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What Eid-ul-Azha teaches us

August 18, 2018


Illustration by Sophia Khan
Illustration by Sophia Khan

Eid-ul-Azha, an annual Islamic festival, is not just about purchasing animals for mere enjoyment, neither is it all about storing the meat and cooking delicacies for days. There is a lot more to Eid-ul-Azha that is meant to bring out the best virtues in us as Muslims.

more to Eid-ul-Azha that is meant to bring out the best virtues in us as Muslims.

Faith in Allah and submission to Allah’s Will

On Eid-ul-Azha, we remember the trial Allah put Prophet Ibrahim and his family through four thousand years ago. Prophet Ibrahim and his family had

unwavering faith that Allah knows best and they did not question His orders even once, not when Allah told Prophet Ibrahim to leave his wife and young

son in the far flung desert of Mecca and not even when Allah ordered Prophet Ibrahim to slay his beloved son in His path.

The essence of Eid-ul-Azha is beyond sacrificing an animal and feasting

Prophet Ibrahim always submitted to Allah’s will without hesitation and Allah always rewarded him for his obedience and faith.

By following the steps of Prophet Ibrahim, Muslims revive the same feeling of faith and submission in Allah’s will.

A spiritual, mental, physical and financial exercise

Muslims sacrifice a halal animal every year at the end of Haj, the holy pilgrimage of Muslims, a journey in which Muslims spend the best of their mental, spiritual and physical efforts, time and money.

On the last day of Haj, Muslim pilgrims purchase the best animal they can afford, sacrifice it in the way of Allah, distribute the meat and also celebrate the occasion by feasting upon it.

Muslims around the world slaughters a sacrificial animal in their respective hometowns.

Compassion for animals

In order to offer sacrifice, Muslims buy an animal, preferably a goat, ram, camel or bull, and take good care of the animal, thus grow attached to it.

They learn compassion and realise that animals must be treated with affection and care too. It softens their hearts and makes them appreciate the creatures of Allah.


When people sacrifice in the way of Allah the animal they’ve grown fond of and would rather keep as a pet, they reach an entirely new divine level. They form a bond with God, proving that they can sacrifice something they love because Allah ordered it, just like Prophet Ibrahim did.

Even if somebody doesn’t love the animal they have bought, they love the money they would have spent. And they would’ve spent it on something else but they choose to spend the money they love on an animal to please Allah. This practice teaches one to be generous in the path of Allah and not grow too attached to temporary worldly things.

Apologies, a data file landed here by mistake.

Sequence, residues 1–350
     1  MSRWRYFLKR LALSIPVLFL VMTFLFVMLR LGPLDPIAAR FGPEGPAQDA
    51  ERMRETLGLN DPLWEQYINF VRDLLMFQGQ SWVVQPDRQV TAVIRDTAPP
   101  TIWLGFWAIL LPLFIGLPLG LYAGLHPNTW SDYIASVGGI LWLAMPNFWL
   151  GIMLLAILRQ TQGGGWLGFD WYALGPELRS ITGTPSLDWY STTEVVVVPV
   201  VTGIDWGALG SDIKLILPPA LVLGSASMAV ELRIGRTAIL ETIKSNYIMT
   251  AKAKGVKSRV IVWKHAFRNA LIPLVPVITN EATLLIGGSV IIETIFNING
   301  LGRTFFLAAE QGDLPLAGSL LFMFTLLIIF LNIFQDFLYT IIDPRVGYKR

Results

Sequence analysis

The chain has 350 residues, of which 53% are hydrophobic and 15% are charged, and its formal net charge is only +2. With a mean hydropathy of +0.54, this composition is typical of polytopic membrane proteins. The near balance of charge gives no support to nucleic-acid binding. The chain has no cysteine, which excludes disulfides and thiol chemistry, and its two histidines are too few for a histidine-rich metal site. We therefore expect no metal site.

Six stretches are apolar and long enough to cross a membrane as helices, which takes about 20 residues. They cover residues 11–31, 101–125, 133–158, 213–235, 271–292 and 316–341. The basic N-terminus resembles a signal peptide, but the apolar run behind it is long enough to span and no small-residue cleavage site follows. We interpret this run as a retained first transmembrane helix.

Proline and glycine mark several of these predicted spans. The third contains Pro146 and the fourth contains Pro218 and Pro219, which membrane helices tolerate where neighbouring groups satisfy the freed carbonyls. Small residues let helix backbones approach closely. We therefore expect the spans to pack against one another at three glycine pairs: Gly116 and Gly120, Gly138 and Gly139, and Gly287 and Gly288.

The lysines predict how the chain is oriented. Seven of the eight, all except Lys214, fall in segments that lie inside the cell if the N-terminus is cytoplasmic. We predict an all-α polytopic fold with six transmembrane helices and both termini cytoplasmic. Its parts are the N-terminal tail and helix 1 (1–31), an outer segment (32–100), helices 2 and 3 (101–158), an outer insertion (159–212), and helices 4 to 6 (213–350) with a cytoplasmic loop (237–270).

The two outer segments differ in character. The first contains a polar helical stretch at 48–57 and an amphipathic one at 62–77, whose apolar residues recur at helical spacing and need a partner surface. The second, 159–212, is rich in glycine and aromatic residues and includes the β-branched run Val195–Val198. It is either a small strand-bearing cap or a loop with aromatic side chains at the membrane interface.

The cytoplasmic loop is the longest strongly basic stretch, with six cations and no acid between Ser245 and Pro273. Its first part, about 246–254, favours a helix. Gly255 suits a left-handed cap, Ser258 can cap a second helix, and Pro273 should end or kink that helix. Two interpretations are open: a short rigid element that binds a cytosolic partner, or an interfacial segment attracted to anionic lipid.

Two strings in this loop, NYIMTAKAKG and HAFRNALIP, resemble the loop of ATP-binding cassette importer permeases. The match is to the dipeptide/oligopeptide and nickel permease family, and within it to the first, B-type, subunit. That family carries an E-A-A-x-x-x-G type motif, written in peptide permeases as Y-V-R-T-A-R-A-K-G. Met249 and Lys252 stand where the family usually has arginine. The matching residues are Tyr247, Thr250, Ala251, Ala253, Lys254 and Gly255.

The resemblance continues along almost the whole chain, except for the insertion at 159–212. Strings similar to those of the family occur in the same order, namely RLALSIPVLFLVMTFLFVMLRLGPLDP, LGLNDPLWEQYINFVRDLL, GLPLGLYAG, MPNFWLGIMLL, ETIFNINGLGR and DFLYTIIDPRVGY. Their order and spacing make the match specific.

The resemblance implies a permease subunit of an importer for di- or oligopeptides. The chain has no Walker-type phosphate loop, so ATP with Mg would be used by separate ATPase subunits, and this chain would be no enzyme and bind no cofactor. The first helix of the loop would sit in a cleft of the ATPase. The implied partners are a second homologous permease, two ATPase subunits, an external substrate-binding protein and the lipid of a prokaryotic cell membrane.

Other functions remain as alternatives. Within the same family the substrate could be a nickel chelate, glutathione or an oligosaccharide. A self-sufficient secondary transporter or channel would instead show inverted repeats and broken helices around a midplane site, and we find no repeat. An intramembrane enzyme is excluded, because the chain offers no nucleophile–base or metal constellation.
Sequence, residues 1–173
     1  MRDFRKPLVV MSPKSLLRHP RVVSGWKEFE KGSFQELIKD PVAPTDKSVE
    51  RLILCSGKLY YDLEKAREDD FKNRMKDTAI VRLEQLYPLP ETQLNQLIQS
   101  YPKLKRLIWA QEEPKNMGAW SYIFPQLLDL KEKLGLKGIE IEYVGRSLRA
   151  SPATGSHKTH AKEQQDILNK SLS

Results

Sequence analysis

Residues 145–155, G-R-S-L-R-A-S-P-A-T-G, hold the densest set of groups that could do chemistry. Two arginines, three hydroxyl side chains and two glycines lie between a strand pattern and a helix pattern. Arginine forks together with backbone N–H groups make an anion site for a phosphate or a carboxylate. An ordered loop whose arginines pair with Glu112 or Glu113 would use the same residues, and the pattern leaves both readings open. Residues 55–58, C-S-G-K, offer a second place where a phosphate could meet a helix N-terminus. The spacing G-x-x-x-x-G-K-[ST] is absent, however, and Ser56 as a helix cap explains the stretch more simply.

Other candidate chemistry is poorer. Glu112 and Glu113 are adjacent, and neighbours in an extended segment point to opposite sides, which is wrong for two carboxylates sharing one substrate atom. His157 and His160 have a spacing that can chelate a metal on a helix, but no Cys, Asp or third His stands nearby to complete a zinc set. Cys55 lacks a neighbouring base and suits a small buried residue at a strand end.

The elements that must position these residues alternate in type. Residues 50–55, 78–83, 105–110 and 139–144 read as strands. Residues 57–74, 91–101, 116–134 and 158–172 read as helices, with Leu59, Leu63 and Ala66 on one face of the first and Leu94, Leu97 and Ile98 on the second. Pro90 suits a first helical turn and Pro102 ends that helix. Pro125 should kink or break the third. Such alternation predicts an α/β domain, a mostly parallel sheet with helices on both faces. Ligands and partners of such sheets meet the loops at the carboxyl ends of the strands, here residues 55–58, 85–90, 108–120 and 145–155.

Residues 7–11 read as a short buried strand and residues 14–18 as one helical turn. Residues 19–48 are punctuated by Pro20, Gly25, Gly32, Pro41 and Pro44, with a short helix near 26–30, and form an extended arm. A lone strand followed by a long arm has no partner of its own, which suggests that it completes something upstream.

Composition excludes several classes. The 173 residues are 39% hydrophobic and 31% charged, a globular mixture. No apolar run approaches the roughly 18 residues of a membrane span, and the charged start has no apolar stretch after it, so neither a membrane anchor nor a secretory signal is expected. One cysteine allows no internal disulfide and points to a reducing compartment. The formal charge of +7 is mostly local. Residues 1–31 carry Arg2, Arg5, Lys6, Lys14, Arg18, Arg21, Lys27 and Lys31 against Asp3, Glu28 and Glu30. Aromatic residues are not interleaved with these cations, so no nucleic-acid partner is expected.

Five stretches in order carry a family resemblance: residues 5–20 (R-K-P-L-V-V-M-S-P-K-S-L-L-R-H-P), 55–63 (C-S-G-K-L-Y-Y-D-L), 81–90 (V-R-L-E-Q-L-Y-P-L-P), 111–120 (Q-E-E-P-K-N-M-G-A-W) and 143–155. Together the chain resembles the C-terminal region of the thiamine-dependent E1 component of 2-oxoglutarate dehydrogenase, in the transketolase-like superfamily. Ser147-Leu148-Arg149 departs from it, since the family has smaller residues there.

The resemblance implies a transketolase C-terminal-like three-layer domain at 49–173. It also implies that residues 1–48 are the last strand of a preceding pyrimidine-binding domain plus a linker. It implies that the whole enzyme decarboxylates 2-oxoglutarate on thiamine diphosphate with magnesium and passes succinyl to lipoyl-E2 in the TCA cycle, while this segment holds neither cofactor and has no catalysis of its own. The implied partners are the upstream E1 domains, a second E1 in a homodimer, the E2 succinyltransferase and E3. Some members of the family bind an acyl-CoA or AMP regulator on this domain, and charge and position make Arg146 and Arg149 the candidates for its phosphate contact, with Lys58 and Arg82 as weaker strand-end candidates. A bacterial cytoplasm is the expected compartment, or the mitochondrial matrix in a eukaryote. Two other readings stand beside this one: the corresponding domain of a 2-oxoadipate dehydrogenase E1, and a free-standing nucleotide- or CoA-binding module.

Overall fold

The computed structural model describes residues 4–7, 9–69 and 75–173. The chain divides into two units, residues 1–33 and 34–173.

Illustration by Sophia Khan
Illustration by Sophia Khan

Boost to economy

The economic aspect of the ritual of sacrifice is that the people who can afford to buy an animal do so and make payment to the sellers who are usually shepherds and farmers who make their living by rearing animals to be sold on Eid.

In this way money flows from the wealthier section of society to the poor. Also, people distribute meat among the poor who get to eat meat as a result of the sacrifice offered by others. The skin of the animal is usually donated to charitable organisations. In this manner, the people who are less fortunate financially are taken care of.

Social get-together

The social aspect of the ritual of sacrifice is that people gather for Eid prayer and greet each other, feel a sense of camaraderie with their Muslim brethren, perform the ritual of sacrifice and distribute meat among friends and family.

They learn to care for their neighbours, friends and relatives when they share the meat with them instead of keeping it all for themselves. They meet with their friends and family, and celebrate the occasion by preparing a hearty meal and having it together. It is a good opportunity for mingling with people and enjoying their company.

Even the poor who could not afford to offer any sacrifice of their own, they receive meat from others and in turn share it with their family and friends.

Each command of Allah is not just important for us, but it also contains a wealth of wisdom. So as you spend time taking care of your sacrificial animal and sacrifice it on any of the three Eid-ul-Azha days, keep all these lessons in mind and you will find a special enjoyment and spiritual satisfaction that you would have never felt before.

Have a wonderful Eid.

Published in Dawn, Young World, August 18th, 2018